“U.S. Congressman Brian Babin of Texas speaking at the 2016 Conservative Political Action Conference (CPAC).” | Photo by: Gage Skidmore
A little over month and a half after U.S. Representative Brian Babin from Texas introduced a last-minute, stand-alone bill that would delay the enforcement of the FMCSA’s ELD mandate, a related provision on a 2018 appropriations bill has died. On Wednesday, September 6, the U.S. House of Representatives voted on an amending measure that would have restricted DOT funding for enforcement, thereby delaying the enforcement date at least until the end of the 2018 fiscal year.
Originally, the final ELD ruling was published in December of 2015, with a multi-phase implementation and compliance timeline that gives carriers and drivers until December 18, 2017 to obey the mandate. Additionally there’s a leeway period for those grandfathered in by way of ELD’s older sibling, AOBRDs (automatic on-board recording devices), or for those that have older vehicles. Those in the last phase get an extra two years, having until December 16, 2019 to comply. Introduced in July, Babin’s separate solo bill seeks to delay the initial enforcement of ELDs by another two years, but it has yet to be voted on or discussed in the House. Despite some mixed feelings and multiple attempts to prevent or remove the mandate, the core ruling has stayed in place.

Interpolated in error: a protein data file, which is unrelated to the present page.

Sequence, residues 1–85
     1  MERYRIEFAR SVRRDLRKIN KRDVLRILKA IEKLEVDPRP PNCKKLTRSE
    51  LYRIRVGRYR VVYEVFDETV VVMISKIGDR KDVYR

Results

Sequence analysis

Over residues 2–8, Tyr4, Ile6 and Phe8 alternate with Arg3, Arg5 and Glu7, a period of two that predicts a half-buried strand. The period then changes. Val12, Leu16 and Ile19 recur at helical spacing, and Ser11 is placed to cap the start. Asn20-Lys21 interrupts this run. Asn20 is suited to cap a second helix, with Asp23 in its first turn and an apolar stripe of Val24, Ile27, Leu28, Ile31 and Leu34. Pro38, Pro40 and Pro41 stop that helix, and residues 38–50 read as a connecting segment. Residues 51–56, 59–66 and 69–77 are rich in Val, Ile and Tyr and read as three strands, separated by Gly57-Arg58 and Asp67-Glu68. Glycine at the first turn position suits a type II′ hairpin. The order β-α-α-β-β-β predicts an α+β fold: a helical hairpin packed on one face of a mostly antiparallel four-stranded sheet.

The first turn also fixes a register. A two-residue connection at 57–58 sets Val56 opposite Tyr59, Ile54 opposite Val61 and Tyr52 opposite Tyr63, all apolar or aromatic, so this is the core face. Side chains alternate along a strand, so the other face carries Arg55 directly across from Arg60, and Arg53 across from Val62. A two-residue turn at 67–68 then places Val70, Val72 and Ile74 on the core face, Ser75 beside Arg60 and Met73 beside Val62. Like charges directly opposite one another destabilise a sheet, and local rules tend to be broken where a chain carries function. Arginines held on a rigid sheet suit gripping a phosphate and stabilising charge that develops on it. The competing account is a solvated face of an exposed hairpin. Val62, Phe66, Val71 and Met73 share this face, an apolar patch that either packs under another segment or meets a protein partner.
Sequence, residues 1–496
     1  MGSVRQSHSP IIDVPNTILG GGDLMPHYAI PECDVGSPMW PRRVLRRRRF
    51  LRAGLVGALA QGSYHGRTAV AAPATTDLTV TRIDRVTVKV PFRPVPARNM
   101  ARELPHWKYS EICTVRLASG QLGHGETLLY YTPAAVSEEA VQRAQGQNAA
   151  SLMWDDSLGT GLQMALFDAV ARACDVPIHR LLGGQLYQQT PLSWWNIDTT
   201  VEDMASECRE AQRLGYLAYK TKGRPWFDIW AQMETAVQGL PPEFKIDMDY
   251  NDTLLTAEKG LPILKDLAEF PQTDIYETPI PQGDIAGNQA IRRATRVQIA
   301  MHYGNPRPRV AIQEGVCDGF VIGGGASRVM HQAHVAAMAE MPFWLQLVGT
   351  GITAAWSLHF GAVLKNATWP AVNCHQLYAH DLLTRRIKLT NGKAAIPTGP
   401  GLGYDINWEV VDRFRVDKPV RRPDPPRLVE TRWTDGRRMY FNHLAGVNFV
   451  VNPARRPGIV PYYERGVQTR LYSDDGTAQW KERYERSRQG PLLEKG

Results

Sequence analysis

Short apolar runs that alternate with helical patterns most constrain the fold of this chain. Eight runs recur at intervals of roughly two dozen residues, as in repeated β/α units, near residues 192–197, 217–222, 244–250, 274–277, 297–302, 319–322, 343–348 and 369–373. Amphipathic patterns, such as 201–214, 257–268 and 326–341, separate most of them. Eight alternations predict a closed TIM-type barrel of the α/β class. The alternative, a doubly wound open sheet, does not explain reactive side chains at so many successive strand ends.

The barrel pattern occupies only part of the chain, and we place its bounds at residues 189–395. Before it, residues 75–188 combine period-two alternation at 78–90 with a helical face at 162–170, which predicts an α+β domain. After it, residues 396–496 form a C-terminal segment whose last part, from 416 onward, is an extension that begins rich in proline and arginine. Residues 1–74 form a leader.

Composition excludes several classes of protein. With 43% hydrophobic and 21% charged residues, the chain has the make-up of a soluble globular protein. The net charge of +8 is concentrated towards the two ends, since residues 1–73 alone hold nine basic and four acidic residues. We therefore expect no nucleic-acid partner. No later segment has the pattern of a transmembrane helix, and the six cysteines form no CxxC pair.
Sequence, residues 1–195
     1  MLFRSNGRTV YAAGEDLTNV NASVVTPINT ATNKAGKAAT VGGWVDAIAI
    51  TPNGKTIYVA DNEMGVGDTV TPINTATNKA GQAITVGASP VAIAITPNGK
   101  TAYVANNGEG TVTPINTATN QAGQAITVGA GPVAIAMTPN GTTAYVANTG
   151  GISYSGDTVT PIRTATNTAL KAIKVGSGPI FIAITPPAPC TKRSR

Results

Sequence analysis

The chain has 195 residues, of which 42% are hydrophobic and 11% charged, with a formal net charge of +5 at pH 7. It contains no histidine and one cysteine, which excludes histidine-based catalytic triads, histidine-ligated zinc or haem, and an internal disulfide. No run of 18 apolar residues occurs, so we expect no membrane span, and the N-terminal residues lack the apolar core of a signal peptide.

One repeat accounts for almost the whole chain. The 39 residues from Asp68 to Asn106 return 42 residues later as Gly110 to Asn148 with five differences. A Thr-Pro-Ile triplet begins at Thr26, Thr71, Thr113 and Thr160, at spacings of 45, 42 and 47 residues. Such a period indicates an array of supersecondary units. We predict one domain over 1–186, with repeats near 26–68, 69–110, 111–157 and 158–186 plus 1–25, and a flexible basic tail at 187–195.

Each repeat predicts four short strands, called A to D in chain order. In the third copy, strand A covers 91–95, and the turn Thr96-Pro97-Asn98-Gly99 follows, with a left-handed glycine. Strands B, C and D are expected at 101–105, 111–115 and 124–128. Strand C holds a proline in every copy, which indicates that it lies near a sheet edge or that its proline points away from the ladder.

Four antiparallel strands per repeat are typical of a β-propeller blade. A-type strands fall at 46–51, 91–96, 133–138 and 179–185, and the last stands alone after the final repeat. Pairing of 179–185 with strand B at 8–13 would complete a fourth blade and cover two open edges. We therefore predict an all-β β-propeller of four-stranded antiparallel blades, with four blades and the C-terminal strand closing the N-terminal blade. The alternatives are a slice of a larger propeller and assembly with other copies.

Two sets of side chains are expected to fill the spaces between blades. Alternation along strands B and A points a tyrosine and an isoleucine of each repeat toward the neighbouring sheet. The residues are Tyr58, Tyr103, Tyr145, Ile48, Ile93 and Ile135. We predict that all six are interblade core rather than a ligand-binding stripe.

With Babin, his co-sponsors, and like-minded individuals within the industry struggling to pass blanket repeals or delays, we might be seeing more of these minor exceptions and changes as we head towards, and past, the mandate’s enforcement date. Fortunately, for some of those with specific concerns, there have been a few minor edits and updates to the bill to protect drivers or carriers who perform certain duties or those in particular situations. However, there are many more out there who are still a little uneasy or unfamiliar with the mandate, and the FMCSA is making attempts to educate and alleviate their anxiety by attending numerous trade shows and events as a part of their “ELD Implementation National Tour 2017”.
Regardless of the success or failure Rep. Brian Babin’s upcoming bill, this issue is not going away anytime soon and will continue to be a hot-button topic for both drivers and regulators for years to come.